Imagery




Imagery is the use of words
to create pictures, or images,
in your mind.
Appeals to the five senses:
smell, sight, hearing, taste
and touch.
Details about smells, sounds,
colors, and taste create
strong images.
To create vivid images
writers use figures of speech.
Five Senses
25
Figurative Language
•
•
•
•
•
Simile
Metaphor
Hyperbole
Personification
Allusion
A comparison between two
usually unrelated things using
the word “like” or “as”.
Examples:
Joe is as hungry as a bear.
In the morning, Rae is like an angry lion.
Simile
Ars Poetica
By Archibald MacLeish
A poem should be palpable
and mute as a globed
fruit,
Silent as the sleeve-worn
stone
Of casement ledges where
the moss has grown—
A poem should be wordless
As the flight of birds.
Simile
Let’s see
what this
looks like in a
poem.
Simile
An implied comparison between
two usually unrelated things.
Examples:
Lenny is a snake.
Ginny is a mouse when it comes to standing up for herself.
The difference between
a simile and a metaphor is
that a simile requires either
“like” or “as” to be included
in the comparison, and a
metaphor requires that
neither be used.
When it comes to using a metaphor device in
poetry, a poet can either make the entire poem a
metaphor for something, or put little metaphors
throughout the poem.
• The following poem is one big metaphor.
An exaggeration for the sake of
emphasis.
Examples:
I may sweat to death.
The blood bank needs a river of blood.
Giving human characteristics to
inanimate objects, ideas, or
animals.
Example:
The sun stretched its lazy
fingers over the valley.
A reference to another piece of literature or
to history.
Example: “She hath Dian’s wit” (from Romeo and Juliet).
This is an allusion to Roman mythology and the
goddess Diana.
The three most common types of allusion refer to
mythology, the Bible, and Shakespeare’s writings.
What is Symbolism?
• A symbol is something that stands for itself,
but also something larger than itself.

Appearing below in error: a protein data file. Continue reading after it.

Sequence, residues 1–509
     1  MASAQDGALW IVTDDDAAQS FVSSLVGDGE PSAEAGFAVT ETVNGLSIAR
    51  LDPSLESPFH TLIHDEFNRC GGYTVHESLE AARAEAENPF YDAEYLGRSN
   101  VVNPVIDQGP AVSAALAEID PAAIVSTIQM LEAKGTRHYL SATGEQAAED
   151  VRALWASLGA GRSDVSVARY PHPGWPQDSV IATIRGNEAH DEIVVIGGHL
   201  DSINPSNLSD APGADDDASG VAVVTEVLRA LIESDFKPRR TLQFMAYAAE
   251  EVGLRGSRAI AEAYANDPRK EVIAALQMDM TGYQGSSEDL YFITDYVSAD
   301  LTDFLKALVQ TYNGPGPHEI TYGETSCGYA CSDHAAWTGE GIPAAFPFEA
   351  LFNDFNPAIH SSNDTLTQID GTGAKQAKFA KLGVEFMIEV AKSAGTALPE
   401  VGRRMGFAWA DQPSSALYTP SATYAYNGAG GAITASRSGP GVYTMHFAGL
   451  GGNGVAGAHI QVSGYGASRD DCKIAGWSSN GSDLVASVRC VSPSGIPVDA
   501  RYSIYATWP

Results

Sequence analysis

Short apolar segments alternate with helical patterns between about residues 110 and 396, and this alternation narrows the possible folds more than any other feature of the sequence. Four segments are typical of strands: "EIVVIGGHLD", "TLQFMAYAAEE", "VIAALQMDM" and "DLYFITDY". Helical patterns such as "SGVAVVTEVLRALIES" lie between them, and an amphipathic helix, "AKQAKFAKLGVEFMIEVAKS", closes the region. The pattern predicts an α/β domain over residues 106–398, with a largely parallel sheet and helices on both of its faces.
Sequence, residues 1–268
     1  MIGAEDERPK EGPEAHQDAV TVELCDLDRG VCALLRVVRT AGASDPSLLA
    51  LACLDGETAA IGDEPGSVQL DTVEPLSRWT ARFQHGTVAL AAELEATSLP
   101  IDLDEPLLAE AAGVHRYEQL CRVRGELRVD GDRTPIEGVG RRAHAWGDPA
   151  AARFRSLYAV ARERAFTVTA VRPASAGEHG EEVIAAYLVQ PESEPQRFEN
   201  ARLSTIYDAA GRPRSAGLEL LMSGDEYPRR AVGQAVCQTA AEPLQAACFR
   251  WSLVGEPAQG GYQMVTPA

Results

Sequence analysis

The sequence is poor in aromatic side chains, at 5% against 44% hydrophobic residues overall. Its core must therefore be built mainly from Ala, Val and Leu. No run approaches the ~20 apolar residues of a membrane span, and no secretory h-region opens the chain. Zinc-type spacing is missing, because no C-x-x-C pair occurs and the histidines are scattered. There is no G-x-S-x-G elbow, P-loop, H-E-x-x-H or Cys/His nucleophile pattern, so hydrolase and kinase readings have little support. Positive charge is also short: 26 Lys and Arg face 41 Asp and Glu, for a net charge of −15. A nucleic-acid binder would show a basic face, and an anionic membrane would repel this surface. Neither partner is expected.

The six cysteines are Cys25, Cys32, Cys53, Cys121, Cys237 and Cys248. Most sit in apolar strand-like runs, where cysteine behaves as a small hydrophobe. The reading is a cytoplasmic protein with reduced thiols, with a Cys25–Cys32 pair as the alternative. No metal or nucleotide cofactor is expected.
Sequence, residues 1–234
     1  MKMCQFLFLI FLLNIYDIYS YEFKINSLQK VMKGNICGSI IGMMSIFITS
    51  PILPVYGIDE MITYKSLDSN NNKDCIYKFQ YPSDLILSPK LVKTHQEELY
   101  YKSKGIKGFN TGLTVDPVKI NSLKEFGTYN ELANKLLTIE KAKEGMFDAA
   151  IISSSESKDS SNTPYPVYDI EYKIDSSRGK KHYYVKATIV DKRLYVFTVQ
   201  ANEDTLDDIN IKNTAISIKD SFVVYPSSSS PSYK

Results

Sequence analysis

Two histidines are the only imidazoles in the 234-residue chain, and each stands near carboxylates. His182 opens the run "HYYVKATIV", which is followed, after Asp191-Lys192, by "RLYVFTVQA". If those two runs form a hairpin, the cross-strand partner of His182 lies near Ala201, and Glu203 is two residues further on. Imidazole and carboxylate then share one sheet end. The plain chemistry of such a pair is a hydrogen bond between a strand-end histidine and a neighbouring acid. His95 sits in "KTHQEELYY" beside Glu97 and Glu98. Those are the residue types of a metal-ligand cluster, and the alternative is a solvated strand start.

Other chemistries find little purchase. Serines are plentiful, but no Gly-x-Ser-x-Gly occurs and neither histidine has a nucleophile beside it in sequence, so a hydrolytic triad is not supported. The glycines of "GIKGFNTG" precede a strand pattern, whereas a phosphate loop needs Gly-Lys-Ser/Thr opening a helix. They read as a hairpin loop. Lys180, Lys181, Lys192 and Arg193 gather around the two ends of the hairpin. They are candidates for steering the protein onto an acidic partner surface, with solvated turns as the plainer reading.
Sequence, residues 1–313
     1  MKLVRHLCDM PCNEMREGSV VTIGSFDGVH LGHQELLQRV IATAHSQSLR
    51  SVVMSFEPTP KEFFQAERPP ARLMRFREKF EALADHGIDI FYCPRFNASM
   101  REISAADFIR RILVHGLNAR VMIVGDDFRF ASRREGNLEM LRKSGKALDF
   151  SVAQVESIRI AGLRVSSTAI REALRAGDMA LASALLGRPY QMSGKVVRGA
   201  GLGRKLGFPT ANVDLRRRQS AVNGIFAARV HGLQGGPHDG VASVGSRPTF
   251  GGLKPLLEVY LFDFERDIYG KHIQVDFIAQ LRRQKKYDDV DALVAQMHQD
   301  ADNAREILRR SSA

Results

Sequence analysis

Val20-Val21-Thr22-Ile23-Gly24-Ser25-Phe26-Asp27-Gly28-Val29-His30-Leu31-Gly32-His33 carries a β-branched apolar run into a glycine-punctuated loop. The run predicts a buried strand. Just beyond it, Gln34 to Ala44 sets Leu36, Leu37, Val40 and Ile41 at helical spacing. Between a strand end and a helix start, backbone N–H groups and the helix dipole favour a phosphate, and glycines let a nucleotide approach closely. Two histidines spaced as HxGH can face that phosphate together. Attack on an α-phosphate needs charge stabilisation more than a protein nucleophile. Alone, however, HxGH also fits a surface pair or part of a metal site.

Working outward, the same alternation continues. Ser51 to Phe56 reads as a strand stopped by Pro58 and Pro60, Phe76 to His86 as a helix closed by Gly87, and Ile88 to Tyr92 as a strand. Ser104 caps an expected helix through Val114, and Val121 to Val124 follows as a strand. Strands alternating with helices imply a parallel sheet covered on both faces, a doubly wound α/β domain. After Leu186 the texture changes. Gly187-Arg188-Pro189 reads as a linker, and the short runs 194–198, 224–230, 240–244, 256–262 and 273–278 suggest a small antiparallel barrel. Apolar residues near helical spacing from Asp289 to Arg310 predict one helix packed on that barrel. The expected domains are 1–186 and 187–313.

– It may be a person, an animal, an inanimate
object, or an action
– . A writer often uses a concrete object to express an
abstract idea, a quality, or a belief.
– A symbol may appeal to a reader's emotions and can
provide a way to express an idea, communicate a
message, or clarify meaning
What is Symbolism?
–A writer often uses a concrete object
to express an abstract idea, a
quality, or a belief.
–A symbol may appeal to a reader's
emotions and can provide a way to
express an idea, communicate a
message, or clarify meaning.
Mother to Son
by Langston Hughes
Well, son, I'll tell you:
Life for me ain't been no crystal stair.
It's had tacks in it,
And splinters,
And boards torn up,
And places with no carpet on the floor -Bare.
But all the time
I'se been a-climbin' on,
And reachin' landin's,
And turnin' corners,
And sometimes goin' in the dark
Where there ain't been no light.
So boy, don't you turn back.
Don't you set down on the steps
'Cause you finds it's kinder hard.
Don't you fall now -For I'se still goin', honey,
I'se still climbin',
And life for me ain't been no crystal stair.
Mood
• Mood is the atmosphere, or
emotion, in the poem
created by the poet.
• Can be happy, angry, silly,
sad, excited, fearful or
thoughtful.
• Poet uses words and
images to create mood.
• Author’s purpose helps
determine mood.
• (See slides 65-72 for
examples.)
44
Mood - Barefoot Days
Barefoot Days by Rachel Field
In the morning, very early,
That’s the time I love to go
Barefoot where the fern grows curly
And grass is cool between each toe,
On a summer morning-O!
On a summer morning!
That is when the birds go by
Up the sunny slopes of air,
And each rose has a butterfly
Or a golden bee to wear;
And I am glad in every toe –
Such a summer morning-O!
Such a summer morning!
The mood in this poem is
happy. What clues in the
poem can you use to
determine the mood?
45
Mood - Mad Song
Mad Song
I shut my door
To keep you out
Won’t do no good
To stand and shout
Won’t listen to
A thing you say
Just time you took
Yourself away
I lock my door
To keep me here
Until I’m sure
You disappear.
The mood in this poem is
angry. What clues in the
poem can you use to
determine the mood?
By Myra Cohn Livingston
46
Mood - Poem
Poem
I loved my friend.
He went away from me.
There’s nothing more to say.
The poem ends,
Soft as it began –
I loved my friend:
By Langston Hughes
The mood in this poem is
sad. What clues in the
poem can you use to
determine the mood?
47
Tone is the attitude writers
take towards their subject .
Would this poem have a
different meaning for the
reader if the tone was
changed?
“There’s This that I like About Hockey, My
Lad” by John Kieran (continued)
There’s
There’s this
this that
that I
I like
like about
about hockey, old
old chap
chap;
hockey
I think you’ll agree that I’m right;
Although you may get an occasional rap,
There’s alwaysgood
good
funfun in the fight.
So toss in the puck, for the players are set;
net
Sing ho! For the dash on the enemy net;
And ho! For the smash as a challenge is met;
And hey! For a glorious night!
night
Author’s Attitude towards Hockey
Author is speaking to
Don’t Confuse Tone & Mood!
*Tone and mood are two different aspects
of a poem!
* Tone is the author's or the poet's attitude
towards his or her subject.
*Mood is how the poem makes the reader or the
listener feel.
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PowerPoint Presentation - Introduction to Poetry